In general, if you have a favorite B-movie actor and plenty of time and/or disposable income on your hands, you'll watch droves of otherwise unwatchable films just to catch a glimpse of your hero - and that goes double if you're a horny male and the "star" is a sexy babe. Take Anna Nicole Smith, for instance. How many boys aged 14 to 25 watched the DTV movie To the Limitjust to see her naked body - when she wasn't even the main character in that film, and in fact it was a sequel to an earlier film, Da Vinci's War, which she wasn't in and which was made before most people had even heard of her?
Most action films score very low on plot originality, character development or any kind of message. Audiences simply want to see explosions (or "'splosions," in the common vernacular), people fighting each other or fast paced special effects.
Most romantic drama films and comedies are extremely predictable, yet women and couples just want to see a romantic story on a fairy tale level to leave the cinema with a happy feeling.
Alexander. A large amount of people watched it for that one scene with Rosario Dawson. Another amount came looking only for the battle sequences, which given who it is about is understandable.
A LOT of Japanese people only watch Hollywood films because they find the American actor/actresses in them attractive.
Slasher-style horror movies (Friday the 13th and whatnot) typically attract people for the murderer. The trope Developing Doomed Characters was invented purely to describe the miserable time before the murderer starts knifing co-eds. Because seriously, who sat down to watch the engaging social life at Camp Crystal Lake?
The "Plot" such as it is, of most Friday the 13th movies, serves only as a vehicle to deliver (usually Teen) Victims to Jason. This is further confirmed by the "Jump to a Death" option present on the home DVD versions.
In the Japanese film Always Zoku San Choume No Yuuhi (Always Sunset on Third Street 2), Godzilla himself makes a brief cameo appearance in the first 2 minutes of the film in a dream sequence and in CGI form, Many Godzilla fans don't know what this film is about or even care, all they want to see is Godzilla.
As of The Amazing Spider-Man 2, the base has been broken into those in it for Peter and Gwen's surprisingly well-written relationship, and those who grant that it is an improvement over the Raimi trilogy's romance angle, but it also takes far too much time away from the, you know, Spider-Man parts that they bought a ticket for.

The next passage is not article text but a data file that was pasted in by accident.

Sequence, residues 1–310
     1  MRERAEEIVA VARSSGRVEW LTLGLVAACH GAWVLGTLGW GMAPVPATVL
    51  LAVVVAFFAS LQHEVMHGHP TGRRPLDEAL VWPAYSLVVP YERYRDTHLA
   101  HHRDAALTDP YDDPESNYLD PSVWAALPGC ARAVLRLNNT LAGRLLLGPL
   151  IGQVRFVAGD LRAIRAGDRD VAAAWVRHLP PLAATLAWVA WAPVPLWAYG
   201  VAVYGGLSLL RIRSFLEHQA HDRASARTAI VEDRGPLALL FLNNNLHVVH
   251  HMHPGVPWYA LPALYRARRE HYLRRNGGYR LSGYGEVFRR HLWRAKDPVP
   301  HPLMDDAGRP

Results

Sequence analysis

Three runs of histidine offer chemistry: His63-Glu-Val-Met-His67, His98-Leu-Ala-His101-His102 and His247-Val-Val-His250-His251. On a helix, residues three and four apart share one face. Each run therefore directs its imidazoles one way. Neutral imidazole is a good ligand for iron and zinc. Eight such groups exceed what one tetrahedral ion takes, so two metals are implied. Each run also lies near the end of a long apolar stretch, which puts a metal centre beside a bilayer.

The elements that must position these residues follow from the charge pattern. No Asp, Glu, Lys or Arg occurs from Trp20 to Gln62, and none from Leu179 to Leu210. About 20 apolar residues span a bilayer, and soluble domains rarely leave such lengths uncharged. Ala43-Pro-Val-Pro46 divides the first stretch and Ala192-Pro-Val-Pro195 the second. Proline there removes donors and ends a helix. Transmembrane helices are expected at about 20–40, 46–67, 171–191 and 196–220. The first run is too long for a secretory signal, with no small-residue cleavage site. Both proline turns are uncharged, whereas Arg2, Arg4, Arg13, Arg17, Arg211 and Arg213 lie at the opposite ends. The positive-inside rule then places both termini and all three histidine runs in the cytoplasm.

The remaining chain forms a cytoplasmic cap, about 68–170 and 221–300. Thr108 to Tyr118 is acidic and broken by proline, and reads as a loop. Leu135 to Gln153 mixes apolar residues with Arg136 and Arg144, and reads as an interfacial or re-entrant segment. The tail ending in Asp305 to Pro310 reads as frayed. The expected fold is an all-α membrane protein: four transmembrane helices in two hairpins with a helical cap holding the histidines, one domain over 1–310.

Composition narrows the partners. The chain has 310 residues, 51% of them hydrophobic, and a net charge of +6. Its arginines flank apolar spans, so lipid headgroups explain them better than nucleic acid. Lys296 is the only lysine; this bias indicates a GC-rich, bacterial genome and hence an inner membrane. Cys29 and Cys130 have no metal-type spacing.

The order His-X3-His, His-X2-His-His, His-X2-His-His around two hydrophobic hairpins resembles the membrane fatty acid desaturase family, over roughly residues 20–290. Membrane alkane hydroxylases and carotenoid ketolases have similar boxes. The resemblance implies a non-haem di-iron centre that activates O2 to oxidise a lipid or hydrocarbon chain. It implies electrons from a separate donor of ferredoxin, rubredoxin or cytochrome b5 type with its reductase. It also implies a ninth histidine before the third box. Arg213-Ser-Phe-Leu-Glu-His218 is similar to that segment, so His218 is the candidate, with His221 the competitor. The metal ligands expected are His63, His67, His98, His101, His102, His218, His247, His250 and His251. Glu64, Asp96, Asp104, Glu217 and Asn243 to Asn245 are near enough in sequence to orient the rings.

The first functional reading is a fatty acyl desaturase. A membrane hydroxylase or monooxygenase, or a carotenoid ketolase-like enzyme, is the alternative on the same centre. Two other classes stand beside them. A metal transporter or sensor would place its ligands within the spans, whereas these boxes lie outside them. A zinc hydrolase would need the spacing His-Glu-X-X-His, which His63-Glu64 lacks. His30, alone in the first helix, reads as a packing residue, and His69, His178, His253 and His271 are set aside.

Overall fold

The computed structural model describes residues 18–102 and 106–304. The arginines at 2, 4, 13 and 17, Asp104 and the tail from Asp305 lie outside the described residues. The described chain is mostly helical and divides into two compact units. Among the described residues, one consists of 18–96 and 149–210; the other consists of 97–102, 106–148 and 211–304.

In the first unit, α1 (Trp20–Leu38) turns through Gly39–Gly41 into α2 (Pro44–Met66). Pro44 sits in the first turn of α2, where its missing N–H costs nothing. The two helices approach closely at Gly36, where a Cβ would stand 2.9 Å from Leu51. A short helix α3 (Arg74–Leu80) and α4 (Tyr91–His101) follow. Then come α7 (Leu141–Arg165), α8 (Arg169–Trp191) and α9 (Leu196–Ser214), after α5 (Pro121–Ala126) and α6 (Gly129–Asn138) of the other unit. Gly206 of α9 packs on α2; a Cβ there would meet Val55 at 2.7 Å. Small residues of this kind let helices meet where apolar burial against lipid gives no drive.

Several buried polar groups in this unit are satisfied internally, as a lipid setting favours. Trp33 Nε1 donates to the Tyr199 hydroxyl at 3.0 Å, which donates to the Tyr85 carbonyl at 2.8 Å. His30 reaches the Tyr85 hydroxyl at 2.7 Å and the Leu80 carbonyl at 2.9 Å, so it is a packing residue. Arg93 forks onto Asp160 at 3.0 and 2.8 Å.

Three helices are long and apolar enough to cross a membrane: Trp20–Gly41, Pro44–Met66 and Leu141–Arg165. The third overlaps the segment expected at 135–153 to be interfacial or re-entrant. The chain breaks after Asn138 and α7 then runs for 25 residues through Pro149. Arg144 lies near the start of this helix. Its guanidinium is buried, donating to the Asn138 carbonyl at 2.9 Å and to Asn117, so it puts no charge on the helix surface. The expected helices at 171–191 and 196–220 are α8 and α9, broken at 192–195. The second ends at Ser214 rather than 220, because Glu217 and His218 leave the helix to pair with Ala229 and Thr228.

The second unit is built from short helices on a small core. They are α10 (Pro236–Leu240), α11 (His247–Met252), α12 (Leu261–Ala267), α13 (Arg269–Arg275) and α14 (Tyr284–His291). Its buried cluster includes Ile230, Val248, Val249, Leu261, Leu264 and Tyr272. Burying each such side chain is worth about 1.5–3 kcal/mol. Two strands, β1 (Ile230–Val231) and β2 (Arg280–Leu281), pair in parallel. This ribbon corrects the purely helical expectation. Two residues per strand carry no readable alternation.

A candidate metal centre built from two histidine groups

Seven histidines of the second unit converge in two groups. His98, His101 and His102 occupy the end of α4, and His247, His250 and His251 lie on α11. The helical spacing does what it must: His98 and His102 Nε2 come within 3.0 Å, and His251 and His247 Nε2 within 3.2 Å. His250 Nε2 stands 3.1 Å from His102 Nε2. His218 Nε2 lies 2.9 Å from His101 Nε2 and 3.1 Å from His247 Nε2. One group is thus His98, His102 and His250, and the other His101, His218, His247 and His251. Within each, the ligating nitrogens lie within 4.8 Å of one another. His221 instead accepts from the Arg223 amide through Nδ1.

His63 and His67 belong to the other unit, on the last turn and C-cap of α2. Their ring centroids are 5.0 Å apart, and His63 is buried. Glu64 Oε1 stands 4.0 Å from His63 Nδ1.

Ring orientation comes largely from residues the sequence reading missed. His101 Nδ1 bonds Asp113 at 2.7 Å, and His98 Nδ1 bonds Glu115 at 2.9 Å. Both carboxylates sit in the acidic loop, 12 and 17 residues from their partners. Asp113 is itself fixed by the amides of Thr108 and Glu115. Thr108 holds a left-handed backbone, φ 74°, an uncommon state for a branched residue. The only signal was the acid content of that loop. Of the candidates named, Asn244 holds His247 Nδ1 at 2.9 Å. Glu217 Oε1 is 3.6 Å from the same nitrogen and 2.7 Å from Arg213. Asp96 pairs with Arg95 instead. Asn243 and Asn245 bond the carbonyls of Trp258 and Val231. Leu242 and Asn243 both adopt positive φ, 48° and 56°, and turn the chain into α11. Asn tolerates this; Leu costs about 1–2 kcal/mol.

A criticism of the first Hulk movie was Ang Lee's attempt to add the daddy issues backstory, while most people just wanted to see HULK SMASH. The issues presented weren't the problem, since they also occur in the comics, it was that Lee tried to make them the whole movie and not just a small part of Hulk. Like Spider-Man above, less whine more hero. Rotten Tomatoes even summarizes the consensus of the movie as "Too much talking and not enough smashing."
People watch Ed Wood movies purely meta to observe the terrible sets, bad dialogue and acting, and obvious mistakes.
Pornography. As John Carmack of id Software said, "[The story] It's expected to be there, but it's not that important." Ironically, many ''Skinemax' films go the opposite direction, with as few as two or three sex scenes in a two hour movie about the most boring and trite corporate/scientific espionage imaginable.
While a lot of people won't admit it, social stigmas related to nudity and sex means many people's only exposure to such is through generic action movies. The watchers are not especially interested in the story at all, they're just there for the nudity, sex and violence. This means movies are released with this in mind, leading to Viewers Are Morons, which pisses off the other group.
Milla Jovovich is a compelling reason to watch Ultraviolet (to her fans), despite being considered to be a very bad movie by critics in general. It holds true for Zoolander (as Katinka), The Messenger: The Story of Joan of Arc, and The Fifth Element (as Leeloo). Inverted with her role in the Resident Evil movies, as many fans were displeased that established characters such as Jill Valentine and Leon Kennedy were pushed back in favor of Jovovich. It hasn't stopped the movies from being successful, though.